The 3.3-litre Ferrari 275GTB and the open iant, the 275GTS, were launched simultaneously at the Paris Salon of October 1964, sharing a common chassis and engine design. And, boy, are they rare.
The GTB was intended to be a more sporting car than its predecessor, the lovely 3-litre 250 Lusso, and an increase in engine bore to 77mm now displaced 3,285.7cc. In initial form with three Weber carburettors, this latest 2-cam Ferrari V12 produced 280bhp at 7,600rpm.
This particular car features the preferred 6-carburettor option, which offered an additional 20-plus horsepower to create a genuine 300bhp road car of explosive performance. The greatest chassis innovation embodied within the new type was its independent rear suspension, replacing the live axle of preceeding Ferrari designs and achieved with double pressed steel wishbones, concentric coils springs and adjustable shock absorbers.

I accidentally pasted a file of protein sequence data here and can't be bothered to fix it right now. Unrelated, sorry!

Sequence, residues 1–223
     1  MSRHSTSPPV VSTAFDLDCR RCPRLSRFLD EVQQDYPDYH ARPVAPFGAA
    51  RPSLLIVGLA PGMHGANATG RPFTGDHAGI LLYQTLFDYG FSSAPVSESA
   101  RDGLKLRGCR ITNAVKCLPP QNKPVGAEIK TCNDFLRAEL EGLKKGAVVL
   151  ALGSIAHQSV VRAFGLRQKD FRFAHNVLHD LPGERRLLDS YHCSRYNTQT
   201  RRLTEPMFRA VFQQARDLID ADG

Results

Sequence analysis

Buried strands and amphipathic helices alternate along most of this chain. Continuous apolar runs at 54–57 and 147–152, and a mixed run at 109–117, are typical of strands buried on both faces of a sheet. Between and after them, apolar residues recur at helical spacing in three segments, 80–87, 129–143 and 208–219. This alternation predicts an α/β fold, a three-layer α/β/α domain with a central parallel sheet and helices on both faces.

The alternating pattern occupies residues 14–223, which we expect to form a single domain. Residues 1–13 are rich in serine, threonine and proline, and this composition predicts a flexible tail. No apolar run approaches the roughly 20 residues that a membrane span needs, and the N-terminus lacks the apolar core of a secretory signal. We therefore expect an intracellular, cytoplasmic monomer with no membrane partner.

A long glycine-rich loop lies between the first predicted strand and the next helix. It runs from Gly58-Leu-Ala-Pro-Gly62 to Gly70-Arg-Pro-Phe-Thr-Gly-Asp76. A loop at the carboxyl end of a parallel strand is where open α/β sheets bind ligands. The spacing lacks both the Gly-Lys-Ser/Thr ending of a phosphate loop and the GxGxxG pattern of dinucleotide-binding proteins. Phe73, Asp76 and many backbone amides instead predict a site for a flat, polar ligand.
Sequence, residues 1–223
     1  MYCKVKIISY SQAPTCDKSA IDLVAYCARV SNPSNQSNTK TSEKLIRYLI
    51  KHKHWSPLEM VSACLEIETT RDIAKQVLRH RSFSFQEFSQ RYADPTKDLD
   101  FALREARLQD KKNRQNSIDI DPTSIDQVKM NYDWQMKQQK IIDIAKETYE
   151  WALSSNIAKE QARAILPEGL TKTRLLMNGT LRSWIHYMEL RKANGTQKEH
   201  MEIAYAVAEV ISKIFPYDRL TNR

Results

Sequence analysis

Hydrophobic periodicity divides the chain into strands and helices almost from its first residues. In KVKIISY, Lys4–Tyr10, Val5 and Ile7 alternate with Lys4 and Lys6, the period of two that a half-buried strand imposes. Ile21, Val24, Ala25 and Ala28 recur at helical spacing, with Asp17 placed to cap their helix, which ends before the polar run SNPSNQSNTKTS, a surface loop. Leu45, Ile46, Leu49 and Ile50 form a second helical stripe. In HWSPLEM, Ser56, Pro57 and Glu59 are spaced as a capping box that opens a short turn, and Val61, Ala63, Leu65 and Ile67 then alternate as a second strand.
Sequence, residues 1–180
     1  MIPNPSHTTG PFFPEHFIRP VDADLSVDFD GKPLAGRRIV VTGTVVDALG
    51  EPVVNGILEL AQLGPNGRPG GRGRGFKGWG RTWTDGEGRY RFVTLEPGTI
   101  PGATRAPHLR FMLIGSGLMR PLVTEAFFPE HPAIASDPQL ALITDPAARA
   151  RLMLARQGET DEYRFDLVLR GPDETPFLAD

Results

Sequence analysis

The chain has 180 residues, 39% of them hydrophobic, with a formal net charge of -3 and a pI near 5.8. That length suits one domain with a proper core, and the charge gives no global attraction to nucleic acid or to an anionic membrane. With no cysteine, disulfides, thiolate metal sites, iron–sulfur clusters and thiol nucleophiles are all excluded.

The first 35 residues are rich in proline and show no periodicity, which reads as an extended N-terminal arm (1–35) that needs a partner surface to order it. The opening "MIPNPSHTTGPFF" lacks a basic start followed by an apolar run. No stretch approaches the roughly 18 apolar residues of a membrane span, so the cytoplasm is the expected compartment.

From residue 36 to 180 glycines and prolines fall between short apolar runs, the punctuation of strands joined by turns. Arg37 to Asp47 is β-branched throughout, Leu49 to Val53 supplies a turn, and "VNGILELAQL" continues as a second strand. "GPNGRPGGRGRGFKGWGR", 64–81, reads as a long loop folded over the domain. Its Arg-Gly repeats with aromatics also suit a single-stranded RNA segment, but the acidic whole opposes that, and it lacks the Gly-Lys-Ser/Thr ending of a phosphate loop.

An anti-roll bar was actuated from the lower wishbones and from either side of the limited slip differential, universally jointed sliding spline shafts driving the rear wheels.
A 5-speed transaxle transmission was also adopted, offering much improved weight distribution with improved handling and cornering to match. The clutch remained in-unit with the engine, and the slender propellor shaft was supported amidships by a roller steady bearing as initially specified.
The body was another highly successful co-production by stylist Pininfarina and manufacturer Carrozzeria Scaglietti, this 'shortnose' car typifying the highly acclaimed Ferrari 275GTB in its original form. In the interests of a smooth body line, even the petrol filler was housed inside the boot. Many regard these quite rare GTBs as the finest road-going Gran Turismo cars ever produced by Ferrari.